Today’s Biz Ladies profile comes to us from jewelry designer Urte Tylaite of Still House. Urte jumped into the jewelry world working for several successful studios and shops. When the time came for her to advance her own career, she decided that both designing and shop owning were the perfect mix. Today she shares a bit about how she came to this realization, launched her business and continues to keep it running smoothly. Thanks for sharing your career journey with us today, Urte! —Stephanie
Read the full interview after the jump…
Why did you decide to start your own business?
After graduating from art school I worked for several small but successful design studios. In the evenings, I worked on my own creations. Some of the designers I worked for, besides wholesaling their own work, also had their own retail stores. Over time I realized that this kind of set-up really suits my personality. You get to be very social at the shop talking to customers and then get to be all to yourself at the studio. The two polar experiences balance me. When the time came for me to move on to something new in my life, it was clear that I should stick to it.
When you first decided to start your own business, how did you define what your business would be?
I feel very fortunate because the realization of what I am passionate about came to me really early. I met a few really inspiring people early on and their lifestyles just made sense to me. I knew that all I had to do was listen to their advice, add a little bit of my own flavor into the mix, and then just go for it.
What was the best piece of business advice you were given when you were starting off?
Get a publicist and get an accountant. Other positions can always wait to be filled.
What was the most difficult part of starting your business?
When I was first thinking about starting a business and began sharing my ideas with others, someone told me that I am only ready for it when I fully embrace the possibility that I might fail. I knew this was true, because I immediately recognized the fear of failure inside of me. Dealing with that fear was one of the hardest things for me. I spent a few minutes every day telling myself that it all might fail, that I might need to close in the first year, and that I would have to let everyone know that I was not able to do it, and I had to tell myself that that would be ok. Once I was able to see failure as a true possibility, and that everything would be ok either way – that I would be able to figure things out as they came to me – then I knew I was ready to start.
Can you name the biggest lesson you’ve learned in running a business?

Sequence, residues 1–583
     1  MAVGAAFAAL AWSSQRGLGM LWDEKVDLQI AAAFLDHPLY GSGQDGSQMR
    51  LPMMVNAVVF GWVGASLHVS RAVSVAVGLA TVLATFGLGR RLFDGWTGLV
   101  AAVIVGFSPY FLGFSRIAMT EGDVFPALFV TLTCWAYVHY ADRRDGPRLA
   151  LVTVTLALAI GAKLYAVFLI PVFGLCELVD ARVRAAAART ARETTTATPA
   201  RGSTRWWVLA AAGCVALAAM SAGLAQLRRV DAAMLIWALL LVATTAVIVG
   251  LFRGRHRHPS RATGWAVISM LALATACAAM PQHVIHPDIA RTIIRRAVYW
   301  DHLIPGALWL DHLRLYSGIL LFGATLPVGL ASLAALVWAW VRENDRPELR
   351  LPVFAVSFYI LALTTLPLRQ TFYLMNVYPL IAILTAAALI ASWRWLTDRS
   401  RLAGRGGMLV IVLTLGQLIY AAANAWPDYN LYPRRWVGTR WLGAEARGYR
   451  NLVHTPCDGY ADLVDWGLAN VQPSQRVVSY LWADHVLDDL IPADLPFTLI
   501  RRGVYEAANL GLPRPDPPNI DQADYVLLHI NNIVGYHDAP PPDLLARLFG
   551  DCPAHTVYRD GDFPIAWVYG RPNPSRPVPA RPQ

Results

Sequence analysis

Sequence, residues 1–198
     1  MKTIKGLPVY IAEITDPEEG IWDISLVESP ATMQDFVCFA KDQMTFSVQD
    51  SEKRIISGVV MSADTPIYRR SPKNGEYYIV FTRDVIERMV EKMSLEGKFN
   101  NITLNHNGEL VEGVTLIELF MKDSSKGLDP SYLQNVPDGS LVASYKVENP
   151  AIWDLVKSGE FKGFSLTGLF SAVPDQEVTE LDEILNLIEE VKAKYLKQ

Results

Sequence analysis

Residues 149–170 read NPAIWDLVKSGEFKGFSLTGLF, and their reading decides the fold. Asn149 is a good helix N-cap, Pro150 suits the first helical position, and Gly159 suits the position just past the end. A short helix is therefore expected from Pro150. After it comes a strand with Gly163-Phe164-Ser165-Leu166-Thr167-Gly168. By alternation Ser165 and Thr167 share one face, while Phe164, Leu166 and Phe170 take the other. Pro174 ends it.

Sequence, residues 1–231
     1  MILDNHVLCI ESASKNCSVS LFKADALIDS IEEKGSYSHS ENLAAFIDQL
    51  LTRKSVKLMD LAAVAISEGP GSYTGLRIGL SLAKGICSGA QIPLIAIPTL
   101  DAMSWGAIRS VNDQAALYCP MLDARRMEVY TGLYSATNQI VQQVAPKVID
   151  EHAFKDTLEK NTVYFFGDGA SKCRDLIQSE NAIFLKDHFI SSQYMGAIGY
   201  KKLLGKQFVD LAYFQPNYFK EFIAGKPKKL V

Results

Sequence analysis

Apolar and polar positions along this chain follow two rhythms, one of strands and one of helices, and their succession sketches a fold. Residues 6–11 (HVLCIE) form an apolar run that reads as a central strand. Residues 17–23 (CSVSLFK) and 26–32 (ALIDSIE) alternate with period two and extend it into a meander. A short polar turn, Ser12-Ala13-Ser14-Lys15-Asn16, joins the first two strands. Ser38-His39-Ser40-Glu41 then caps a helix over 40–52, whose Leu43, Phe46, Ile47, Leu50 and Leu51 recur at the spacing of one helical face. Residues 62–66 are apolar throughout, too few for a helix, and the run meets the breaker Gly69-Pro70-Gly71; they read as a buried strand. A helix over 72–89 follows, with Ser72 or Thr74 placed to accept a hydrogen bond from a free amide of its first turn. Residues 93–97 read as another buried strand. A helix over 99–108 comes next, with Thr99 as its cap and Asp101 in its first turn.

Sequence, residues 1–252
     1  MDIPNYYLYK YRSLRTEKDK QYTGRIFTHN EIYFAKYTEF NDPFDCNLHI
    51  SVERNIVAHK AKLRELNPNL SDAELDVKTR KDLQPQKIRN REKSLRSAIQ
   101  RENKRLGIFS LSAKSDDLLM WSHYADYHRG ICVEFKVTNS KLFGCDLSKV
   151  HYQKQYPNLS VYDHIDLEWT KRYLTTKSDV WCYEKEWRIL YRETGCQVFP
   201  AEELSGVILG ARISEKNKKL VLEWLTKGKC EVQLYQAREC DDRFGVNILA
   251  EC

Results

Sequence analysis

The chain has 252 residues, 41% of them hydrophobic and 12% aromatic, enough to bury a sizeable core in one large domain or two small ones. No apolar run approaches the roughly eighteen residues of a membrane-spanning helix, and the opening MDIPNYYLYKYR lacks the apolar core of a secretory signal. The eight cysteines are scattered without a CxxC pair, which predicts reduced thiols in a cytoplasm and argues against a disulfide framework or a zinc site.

I’ve learned that the best thing that I can do is to listen to people around me – fellow shop owners, other designers, my employees, my vendors and my customers. Once you create a comfortable environment for them to open up and talk and make sure they know you are not afraid of critique, a lot of great ideas come out.
Can you name a moment of failure in your business experiences?
After a few years I reached a point where I felt as though I couldn’t keep up anymore. I had staff, but it was still a struggle to complete all projects in time. Re-thinking how I was assigning tasks and learning to delegate really saved me.
Can you name your greatest success in your business experiences?
My greatest success is definitely the people – my customers, my vendors – who I was fortunate enough to meet through my business. I could have never imagined what a sense of community I would experience around the store, how encouraging my customers would be. I have gained quite a few important relationships. Some ended up being friendships, some turned out to be great work collaborations. None of which I would have encountered if I wouldn’t have started my own business.
What business books/resources (if any) would you recommend to someone starting a creative business of their own?
When I started, I knew that I really lacked business and bookkeeping knowledge, so I took a few classes. New York City offers state funded classes for young entrepreneurs. That was an interesting and helpful experience. But the most important resource is fellow entrepreneurs who are working in the same field. I cannot recommend it enough. Talk to as many people with more experience as possible. I did that before I started and I am still doing it. I love reaching out to people who I admire and asking for studio visits or just advice. It is amazing how nice and encouraging they can be.
In your opinion, what are the top three things someone should consider before starting their own business?
Time and money are definitely the top two. Starting a business takes hours and hours of work and, especially in a creative field, the financial return is definitely not immediate. And then I could add that it’s also very important to remember that you will have to do things that you don’t necessarily love, but that just have to be done, because they are a part of the business. I actually trained myself to confront those things first. But really, even those terrifying, unpleasant things aren’t that bad when you know you are doing them for your own business. It certainly is a lot of fun to work for yourself.